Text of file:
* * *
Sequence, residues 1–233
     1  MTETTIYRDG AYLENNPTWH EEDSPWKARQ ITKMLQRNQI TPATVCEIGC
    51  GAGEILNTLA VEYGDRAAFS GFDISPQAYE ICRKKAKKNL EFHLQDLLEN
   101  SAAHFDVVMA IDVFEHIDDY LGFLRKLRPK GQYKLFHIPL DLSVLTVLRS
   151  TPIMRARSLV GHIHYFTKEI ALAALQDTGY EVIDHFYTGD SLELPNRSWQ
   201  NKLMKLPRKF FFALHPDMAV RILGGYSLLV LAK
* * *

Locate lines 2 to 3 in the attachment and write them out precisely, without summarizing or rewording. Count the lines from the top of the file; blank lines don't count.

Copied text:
     1  MTETTIYRDG AYLENNPTWH EEDSPWKARQ ITKMLQRNQI TPATVCEIGC
    51  GAGEILNTLA VEYGDRAAFS GFDISPQAYE ICRKKAKKNL EFHLQDLLEN